The article nicely brought a mental health issue with the potential to affect us all one step closer to the general public. As well, though, it pointed toward something fascinating — that in terms of causalities of mental health and illness, there is “nature and nurture” and then there is something else.
“Nature” widely has been understood to be our genetics; “nurture” our early life experiences. Human behavior has been catchphrased as shaped by these two for centuries.
But then there is brain chemistry. The genetics category, you say? Not so fast. Apparently it can be altered by early formative experience.
As I write this, our thoughts are with those in Boston who were affected by the bombings at the 2013 Boston Marathon.
In my 20 years living in the Boston area, I cheered on the runners on many occasions and now, even from far way, these events feel close to home.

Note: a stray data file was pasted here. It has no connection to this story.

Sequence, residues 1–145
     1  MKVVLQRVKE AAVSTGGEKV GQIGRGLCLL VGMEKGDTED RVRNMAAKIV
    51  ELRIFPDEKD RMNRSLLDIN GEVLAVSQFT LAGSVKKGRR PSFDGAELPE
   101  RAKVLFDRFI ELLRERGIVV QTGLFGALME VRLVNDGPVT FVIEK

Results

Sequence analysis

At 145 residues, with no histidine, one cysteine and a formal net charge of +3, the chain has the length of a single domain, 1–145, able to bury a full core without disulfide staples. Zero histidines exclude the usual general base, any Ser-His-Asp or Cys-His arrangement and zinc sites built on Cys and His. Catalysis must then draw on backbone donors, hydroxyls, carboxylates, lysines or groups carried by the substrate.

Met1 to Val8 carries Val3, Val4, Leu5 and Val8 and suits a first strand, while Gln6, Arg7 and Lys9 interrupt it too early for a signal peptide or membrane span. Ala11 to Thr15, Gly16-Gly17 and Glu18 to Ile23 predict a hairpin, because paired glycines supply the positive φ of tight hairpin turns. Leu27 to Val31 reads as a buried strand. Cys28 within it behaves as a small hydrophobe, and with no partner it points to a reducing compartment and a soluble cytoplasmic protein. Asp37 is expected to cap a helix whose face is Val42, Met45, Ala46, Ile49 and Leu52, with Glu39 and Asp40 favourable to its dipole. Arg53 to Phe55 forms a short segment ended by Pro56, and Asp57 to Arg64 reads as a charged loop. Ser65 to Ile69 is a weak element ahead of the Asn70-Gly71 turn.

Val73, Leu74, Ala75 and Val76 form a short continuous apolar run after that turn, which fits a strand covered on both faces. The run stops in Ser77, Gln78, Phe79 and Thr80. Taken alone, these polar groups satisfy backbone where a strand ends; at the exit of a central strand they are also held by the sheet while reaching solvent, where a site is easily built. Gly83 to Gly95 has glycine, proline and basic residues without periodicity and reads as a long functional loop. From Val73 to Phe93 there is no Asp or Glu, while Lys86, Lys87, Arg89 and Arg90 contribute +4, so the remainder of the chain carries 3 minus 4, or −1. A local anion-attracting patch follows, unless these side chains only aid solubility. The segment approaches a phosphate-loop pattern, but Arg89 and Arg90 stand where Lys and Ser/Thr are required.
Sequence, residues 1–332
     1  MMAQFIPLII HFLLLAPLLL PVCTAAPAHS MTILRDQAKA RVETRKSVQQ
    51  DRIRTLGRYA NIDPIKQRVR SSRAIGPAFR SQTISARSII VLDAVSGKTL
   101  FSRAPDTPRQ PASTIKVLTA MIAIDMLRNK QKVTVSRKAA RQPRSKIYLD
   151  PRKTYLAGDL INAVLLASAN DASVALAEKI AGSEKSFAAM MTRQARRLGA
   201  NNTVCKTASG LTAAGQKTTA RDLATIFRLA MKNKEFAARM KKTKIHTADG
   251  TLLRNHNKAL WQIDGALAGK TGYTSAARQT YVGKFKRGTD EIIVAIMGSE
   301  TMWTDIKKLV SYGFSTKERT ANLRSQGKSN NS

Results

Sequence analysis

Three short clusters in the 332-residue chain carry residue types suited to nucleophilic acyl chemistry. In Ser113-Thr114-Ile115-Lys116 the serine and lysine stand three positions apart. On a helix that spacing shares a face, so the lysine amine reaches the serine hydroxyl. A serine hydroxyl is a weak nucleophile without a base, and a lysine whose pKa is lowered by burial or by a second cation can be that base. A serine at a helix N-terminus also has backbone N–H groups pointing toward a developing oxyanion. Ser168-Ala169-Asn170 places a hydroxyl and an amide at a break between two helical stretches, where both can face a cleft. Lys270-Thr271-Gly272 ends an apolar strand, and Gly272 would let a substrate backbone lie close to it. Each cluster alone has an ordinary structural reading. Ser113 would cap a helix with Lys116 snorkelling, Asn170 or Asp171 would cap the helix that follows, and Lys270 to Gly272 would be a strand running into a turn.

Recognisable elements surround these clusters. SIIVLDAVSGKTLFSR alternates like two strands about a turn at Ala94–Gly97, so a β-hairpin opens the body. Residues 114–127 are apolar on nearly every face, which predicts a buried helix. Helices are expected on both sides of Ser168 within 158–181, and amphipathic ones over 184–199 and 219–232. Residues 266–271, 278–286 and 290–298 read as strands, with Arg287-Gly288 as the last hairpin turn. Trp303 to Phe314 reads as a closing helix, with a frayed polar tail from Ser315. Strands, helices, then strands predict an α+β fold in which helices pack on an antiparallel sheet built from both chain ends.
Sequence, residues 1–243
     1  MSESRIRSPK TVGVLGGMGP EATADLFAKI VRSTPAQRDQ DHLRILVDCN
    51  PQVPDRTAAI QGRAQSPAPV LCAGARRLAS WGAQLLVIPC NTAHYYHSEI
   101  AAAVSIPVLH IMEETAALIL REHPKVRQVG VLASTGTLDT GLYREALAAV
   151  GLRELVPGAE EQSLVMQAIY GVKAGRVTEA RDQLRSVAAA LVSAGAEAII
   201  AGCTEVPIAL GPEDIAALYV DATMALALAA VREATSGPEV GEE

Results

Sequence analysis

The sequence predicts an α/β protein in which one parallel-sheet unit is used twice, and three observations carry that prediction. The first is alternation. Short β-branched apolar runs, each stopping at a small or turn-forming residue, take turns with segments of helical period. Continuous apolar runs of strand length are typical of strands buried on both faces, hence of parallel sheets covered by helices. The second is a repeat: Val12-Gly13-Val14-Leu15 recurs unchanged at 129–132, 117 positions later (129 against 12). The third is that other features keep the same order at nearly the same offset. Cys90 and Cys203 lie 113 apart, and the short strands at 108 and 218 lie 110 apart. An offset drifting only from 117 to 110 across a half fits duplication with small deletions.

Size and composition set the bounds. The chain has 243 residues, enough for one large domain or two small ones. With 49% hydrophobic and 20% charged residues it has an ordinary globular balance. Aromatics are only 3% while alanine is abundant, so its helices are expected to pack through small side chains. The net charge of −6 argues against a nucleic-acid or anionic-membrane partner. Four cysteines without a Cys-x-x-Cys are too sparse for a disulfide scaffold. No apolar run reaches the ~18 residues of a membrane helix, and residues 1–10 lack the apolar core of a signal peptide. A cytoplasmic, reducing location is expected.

Experiencing trauma can have a dramatic effect on our bodies and our minds. And although it’s a different experience to witness a trauma on television, it still can affect us.
When you perceive a threat, the body activates the stress response. The stress response occurs in both your body and brain.
The body’s response to acute stress is a preparation for emergency. Adrenaline and other hormones are released. The body shuts down processes associated with long-term care. When under immediate threat, digestion, reproduction, cell repair and other body tasks related to long-term functioning are unimportant.